I’d like to open a door to another history, an alternate history, where wonderful heroes we know and love go on even more fabulous adventures than they did in their real lives. Standing right on the other side of that door is Francine Mathews, whose WWII spy thriller TOO BAD TO DIE will be released this month.
It’s a pleasure to interview Mathews, a writer right at the other spectrum of political fiction than me: she writes historical thrillers and I write “right-the-hell-now” ones; she has written more than twenty books and I’ve written one. It’s a match made in heaven and I was a little giddy when I received the opportunity to conduct the interview.
For those of you who don’t know Mathews, she studied history at Princeton and Stanford, and then worked as an intelligence analyst at the CIA for four years. She’s written twenty-five novels under two names—the other being Stephanie Barron—most of them historical fiction dealing with real-life historical figures.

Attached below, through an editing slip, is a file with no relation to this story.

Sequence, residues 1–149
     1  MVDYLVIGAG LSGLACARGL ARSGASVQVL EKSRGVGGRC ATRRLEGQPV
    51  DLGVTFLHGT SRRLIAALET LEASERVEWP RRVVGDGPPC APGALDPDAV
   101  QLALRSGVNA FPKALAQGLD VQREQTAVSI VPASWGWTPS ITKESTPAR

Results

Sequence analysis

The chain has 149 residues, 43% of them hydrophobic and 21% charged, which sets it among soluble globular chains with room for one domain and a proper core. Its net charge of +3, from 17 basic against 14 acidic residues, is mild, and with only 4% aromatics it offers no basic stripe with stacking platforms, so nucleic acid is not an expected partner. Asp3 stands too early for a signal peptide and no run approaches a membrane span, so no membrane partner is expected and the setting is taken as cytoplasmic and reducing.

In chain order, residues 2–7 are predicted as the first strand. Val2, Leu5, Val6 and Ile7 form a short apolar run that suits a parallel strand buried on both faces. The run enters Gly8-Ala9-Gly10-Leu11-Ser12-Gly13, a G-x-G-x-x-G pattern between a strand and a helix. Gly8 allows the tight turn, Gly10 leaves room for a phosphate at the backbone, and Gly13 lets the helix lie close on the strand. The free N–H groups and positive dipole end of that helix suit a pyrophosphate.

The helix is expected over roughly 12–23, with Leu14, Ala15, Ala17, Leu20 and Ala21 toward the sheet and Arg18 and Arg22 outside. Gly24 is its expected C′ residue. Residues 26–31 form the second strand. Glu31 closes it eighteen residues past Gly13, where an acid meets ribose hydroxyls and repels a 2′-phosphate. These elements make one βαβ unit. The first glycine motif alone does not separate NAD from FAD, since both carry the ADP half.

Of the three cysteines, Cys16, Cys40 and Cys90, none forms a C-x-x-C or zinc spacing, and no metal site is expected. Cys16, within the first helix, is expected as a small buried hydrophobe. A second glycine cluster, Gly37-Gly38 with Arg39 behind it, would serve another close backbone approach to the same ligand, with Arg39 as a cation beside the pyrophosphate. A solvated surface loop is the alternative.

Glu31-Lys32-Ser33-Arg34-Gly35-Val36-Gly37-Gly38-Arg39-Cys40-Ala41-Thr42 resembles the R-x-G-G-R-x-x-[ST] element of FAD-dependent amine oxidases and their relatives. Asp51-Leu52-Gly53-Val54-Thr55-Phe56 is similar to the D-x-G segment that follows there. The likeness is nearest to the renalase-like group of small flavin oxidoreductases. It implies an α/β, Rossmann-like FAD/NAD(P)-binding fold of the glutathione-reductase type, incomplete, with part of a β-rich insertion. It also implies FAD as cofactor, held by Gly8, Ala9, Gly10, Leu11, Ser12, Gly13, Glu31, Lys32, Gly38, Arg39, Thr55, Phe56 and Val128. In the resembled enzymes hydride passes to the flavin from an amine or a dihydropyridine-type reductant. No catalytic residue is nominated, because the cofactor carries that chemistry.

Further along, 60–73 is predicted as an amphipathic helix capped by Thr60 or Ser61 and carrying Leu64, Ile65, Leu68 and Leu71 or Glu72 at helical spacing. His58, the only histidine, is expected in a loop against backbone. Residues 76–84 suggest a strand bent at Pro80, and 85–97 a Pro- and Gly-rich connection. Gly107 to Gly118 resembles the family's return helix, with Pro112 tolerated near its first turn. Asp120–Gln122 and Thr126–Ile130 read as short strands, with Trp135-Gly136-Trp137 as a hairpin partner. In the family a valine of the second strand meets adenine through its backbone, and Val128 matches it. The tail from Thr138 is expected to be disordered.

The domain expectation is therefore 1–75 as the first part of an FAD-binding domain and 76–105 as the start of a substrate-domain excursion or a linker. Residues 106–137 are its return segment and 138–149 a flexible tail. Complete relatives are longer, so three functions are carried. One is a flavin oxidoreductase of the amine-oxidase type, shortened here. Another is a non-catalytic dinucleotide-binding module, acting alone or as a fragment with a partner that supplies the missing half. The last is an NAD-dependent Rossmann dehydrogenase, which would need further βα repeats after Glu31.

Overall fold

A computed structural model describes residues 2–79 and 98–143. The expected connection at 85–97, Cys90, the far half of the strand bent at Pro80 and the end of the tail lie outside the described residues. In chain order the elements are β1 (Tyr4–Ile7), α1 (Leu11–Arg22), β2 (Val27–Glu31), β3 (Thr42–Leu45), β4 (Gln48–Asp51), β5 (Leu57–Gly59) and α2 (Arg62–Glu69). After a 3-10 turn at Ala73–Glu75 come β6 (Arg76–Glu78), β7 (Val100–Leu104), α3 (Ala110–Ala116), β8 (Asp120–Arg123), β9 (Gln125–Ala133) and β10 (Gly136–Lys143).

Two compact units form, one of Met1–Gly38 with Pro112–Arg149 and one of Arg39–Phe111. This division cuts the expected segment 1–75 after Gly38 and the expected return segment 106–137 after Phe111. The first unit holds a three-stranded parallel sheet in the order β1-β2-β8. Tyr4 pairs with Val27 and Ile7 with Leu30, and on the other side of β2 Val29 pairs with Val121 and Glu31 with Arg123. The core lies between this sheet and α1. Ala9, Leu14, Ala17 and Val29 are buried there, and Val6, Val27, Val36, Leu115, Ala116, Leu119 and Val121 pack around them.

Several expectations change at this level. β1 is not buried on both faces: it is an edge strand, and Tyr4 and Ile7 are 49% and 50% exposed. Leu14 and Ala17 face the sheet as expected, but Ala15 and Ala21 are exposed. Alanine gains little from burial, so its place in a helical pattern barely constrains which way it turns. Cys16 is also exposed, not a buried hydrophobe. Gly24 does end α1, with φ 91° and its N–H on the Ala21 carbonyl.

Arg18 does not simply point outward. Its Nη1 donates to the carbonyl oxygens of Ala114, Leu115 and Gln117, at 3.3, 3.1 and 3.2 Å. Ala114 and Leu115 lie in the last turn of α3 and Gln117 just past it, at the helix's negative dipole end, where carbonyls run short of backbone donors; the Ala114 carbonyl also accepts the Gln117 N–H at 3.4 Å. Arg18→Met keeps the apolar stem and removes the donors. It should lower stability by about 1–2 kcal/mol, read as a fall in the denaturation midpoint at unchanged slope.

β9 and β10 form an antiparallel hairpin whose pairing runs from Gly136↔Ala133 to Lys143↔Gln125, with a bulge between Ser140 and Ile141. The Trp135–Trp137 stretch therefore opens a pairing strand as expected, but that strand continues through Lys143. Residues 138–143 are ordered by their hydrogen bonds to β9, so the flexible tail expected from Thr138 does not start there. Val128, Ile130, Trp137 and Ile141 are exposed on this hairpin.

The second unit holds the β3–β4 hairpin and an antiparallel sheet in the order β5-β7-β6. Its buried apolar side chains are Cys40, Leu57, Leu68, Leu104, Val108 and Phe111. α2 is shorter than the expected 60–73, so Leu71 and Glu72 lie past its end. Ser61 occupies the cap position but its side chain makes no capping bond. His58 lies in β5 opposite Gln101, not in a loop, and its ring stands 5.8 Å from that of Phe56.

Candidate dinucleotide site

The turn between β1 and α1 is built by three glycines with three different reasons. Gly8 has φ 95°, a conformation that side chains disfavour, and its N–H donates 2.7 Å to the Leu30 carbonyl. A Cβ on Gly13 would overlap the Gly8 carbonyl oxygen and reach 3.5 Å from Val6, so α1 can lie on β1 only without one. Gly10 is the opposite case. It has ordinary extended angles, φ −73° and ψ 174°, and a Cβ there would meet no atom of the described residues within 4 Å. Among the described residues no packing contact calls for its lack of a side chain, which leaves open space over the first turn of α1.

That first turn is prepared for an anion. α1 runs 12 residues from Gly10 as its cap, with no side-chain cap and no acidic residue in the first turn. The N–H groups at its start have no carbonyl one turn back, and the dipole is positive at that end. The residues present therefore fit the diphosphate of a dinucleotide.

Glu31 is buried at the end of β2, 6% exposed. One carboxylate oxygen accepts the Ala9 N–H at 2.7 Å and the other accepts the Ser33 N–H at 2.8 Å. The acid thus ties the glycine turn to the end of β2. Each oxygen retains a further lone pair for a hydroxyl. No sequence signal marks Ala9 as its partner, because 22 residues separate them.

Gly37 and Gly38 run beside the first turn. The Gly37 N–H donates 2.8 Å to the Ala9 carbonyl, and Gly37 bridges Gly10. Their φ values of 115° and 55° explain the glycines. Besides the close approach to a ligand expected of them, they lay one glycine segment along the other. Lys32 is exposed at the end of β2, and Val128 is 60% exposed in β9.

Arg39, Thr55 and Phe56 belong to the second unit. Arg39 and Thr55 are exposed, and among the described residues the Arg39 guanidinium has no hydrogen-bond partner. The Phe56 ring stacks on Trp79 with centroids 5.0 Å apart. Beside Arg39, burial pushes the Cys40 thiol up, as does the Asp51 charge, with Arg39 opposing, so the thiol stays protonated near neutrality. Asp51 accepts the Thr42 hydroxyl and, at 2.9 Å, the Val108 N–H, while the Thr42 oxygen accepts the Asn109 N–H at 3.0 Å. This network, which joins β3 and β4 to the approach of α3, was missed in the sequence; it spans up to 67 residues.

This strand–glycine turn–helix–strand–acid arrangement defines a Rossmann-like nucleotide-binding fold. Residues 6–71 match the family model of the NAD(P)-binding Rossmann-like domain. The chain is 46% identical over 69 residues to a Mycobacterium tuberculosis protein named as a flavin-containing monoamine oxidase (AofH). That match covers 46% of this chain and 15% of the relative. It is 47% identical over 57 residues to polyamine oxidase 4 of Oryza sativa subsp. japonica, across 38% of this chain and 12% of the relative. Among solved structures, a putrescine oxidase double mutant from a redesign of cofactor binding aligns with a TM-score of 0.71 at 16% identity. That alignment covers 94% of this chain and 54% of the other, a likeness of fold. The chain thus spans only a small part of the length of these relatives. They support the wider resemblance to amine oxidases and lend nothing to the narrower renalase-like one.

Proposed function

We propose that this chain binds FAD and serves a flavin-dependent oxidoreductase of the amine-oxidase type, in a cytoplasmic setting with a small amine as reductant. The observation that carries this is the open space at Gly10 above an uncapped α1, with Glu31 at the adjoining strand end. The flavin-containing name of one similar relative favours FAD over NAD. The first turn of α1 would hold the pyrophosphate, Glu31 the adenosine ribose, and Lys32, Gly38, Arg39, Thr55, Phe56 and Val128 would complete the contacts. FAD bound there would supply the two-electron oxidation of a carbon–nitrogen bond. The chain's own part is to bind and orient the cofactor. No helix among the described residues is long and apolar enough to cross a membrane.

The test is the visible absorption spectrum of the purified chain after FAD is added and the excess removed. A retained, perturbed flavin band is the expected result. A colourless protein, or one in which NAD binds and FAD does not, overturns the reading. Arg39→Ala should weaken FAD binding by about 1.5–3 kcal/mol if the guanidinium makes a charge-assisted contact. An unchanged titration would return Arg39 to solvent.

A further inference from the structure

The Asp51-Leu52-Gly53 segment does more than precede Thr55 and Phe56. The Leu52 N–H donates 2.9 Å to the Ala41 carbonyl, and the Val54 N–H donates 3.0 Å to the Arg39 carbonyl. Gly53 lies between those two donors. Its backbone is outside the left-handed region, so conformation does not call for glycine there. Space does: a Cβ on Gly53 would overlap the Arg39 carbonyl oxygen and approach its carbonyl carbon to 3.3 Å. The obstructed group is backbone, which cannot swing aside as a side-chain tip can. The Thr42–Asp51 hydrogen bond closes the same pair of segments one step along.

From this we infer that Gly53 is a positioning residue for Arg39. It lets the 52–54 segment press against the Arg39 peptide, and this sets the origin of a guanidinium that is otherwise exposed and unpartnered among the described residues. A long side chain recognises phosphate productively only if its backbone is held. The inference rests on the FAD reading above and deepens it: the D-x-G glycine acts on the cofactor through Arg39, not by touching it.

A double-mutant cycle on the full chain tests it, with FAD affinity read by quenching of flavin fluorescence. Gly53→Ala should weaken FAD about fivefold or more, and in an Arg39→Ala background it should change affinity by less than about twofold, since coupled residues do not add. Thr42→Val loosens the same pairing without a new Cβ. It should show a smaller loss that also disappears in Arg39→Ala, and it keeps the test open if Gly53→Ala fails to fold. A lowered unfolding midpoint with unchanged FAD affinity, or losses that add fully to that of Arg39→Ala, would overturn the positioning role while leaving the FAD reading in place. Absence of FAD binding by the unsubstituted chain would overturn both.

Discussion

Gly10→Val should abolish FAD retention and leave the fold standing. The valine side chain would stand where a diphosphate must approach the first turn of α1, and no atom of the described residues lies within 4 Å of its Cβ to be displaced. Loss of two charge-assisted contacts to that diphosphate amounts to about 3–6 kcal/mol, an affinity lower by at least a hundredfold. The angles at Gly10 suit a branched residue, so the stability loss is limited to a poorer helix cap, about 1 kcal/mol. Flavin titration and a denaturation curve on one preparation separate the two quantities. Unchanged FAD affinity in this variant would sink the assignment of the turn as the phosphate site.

To start, would you tell our readers about TOO BAD TO DIE? What inspired the novel?
You know, when I wrote JACK 1939 a few years ago—about Jack Kennedy’s six-month odyssey through Europe when he was twenty-two and Hitler was embarking on his invasion of Poland—I kept running into Ian Fleming. He knew everybody Jack knew, on two different continents, and he had a finger in every one of World War II’s spies as assistant to the Chief of Naval Intelligence. I like to write about real people in unreal situations. When I realized Fleming had actually planned the Tehran Conference, which Hitler intended to explode by assassinating Churchill, Stalin, and Roosevelt—I thought, okay, that’s the next book!